On the next day, a group of us planned to walk across the bridge to the Zimbabwe side of the Victoria Falls. It was longer than I expected and I had on my flip-flops again. Bad decision. We would walk for hours and flip-flops are not made for long walks. On the way back, I thought my Achilles tendons were going to snap. Instead of visiting the falls again, a group of us decided to visit the Victoria Falls Hotel on the Zimbabwe side and have lunch and shop. It turned out to be a pleasant walk. I even saw a sign “Dead Slow,” a term not used in the U.S. That must mean really, really slow!

Along the way, we saw hawkers selling the famous “Zim notes,” or the hyper-inflated Zimbabwean currency. They were selling in dominations of millions, billions, and even trillions. I walked away with several currency notes to show my students. You can buy them off of eBay, but to say you got them in Zimbabwe adds a bit more authenticity.


The overhead view of the “Boiling Pot.” It was the previous day that I stood on the rocks below.


Zimbabwean view of the Victoria Falls Bridge
Yes… we walked quite a distance!


Squash just dropped a new album! Check out “Ngikulindile”. Very nice! 🙂


Livingstone, Zambia (30 photos)
Victoria Falls and Boiling Pot (18 photos)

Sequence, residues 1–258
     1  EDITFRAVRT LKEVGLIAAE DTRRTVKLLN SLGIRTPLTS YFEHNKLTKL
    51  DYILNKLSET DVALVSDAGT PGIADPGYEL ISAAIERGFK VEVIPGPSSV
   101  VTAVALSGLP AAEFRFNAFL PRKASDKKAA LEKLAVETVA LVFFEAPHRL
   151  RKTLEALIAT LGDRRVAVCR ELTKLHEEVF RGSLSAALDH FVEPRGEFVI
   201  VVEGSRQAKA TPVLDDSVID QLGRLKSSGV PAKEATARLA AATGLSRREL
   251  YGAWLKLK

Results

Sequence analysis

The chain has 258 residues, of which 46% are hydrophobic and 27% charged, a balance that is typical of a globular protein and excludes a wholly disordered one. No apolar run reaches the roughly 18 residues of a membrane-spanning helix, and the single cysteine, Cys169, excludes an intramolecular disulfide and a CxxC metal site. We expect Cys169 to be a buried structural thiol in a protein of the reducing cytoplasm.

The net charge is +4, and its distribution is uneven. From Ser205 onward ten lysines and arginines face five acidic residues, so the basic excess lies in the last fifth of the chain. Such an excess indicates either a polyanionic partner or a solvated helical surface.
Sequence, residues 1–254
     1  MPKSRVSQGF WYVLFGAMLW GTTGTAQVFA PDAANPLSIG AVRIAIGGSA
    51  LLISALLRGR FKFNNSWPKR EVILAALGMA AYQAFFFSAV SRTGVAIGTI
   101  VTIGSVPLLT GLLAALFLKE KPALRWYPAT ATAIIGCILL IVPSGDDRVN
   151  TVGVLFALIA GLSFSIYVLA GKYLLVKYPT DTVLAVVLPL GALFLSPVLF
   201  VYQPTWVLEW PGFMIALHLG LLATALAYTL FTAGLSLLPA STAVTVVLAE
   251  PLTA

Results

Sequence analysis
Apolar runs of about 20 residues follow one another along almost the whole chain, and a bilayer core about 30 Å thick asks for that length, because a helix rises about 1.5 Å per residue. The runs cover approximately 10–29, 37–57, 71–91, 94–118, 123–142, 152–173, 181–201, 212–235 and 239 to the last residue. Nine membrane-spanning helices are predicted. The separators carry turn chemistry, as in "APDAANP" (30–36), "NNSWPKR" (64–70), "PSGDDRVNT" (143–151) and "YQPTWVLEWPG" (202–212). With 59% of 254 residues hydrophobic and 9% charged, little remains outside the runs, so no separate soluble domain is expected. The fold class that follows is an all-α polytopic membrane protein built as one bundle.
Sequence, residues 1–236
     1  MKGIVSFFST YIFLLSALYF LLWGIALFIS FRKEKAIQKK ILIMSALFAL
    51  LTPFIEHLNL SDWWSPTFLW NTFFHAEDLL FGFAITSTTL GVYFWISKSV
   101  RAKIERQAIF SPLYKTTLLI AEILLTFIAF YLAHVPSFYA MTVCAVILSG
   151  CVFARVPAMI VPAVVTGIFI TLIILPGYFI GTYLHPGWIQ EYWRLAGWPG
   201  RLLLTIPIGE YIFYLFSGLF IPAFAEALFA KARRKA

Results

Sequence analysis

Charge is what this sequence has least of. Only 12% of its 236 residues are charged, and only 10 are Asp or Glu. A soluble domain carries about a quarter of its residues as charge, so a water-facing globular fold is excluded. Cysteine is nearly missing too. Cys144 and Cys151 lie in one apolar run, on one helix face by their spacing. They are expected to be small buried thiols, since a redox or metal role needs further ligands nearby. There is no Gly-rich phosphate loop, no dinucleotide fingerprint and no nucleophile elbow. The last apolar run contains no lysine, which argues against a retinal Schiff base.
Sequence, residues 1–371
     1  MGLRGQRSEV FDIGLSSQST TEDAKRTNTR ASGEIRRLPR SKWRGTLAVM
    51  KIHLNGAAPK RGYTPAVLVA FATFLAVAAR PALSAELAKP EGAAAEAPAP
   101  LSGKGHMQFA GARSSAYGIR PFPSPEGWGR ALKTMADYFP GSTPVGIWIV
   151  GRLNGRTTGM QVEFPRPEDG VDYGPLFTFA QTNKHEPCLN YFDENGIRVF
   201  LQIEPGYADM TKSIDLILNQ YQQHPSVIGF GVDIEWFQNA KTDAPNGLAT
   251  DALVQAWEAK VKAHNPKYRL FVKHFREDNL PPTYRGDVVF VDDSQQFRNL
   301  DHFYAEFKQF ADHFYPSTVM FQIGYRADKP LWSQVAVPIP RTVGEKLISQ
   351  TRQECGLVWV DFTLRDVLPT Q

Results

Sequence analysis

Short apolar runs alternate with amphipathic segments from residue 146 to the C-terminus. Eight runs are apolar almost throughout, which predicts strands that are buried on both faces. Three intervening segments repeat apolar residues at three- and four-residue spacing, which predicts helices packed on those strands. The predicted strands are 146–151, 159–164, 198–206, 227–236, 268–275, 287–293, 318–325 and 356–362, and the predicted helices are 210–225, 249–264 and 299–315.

Zambia-Zimbabwe (23 photos)

Botswana

Now onto our next adventure. We would leave Livingstone invigorated by nature’s power and the beautiful accommodations at Avani. We would drive 90 minutes to Kasane, Botswana to visit the Chobe National Park. The drive gave us an opportunity to view Zambian people, the landscape and the “hustle and bustle.”

As we got closer to the border, an amazing scene unfolded. There was a long line of trucks carrying various types of cargo. As Zambia is one of the world’s largest producer of copper, there were trucks lined up with sheets of the metal stacked on their beds. It was a plain look at the daily business cycle of Africa. There is a method to the madness, so to speak. It is common for the driver to wait days to clear his load! Then there were the “fixers” with large wads of cash hoping to get hired by someone need to help sort out paperwork with the proper fees.


Border Post that will get us across the Zambezi River.

When we got to the dock, Zambian hawkers were selling all types of wooden crafts. They were not overly aggressive but certainly wanted to get the last bit of foreign currency before we decided to spend it in Botswana. We boarded the speed boats to get across the Zambezi River… just 750 meters. It is in this spot that four countries meet: Zambia, Botswana, Zimbabwe, and Namibia.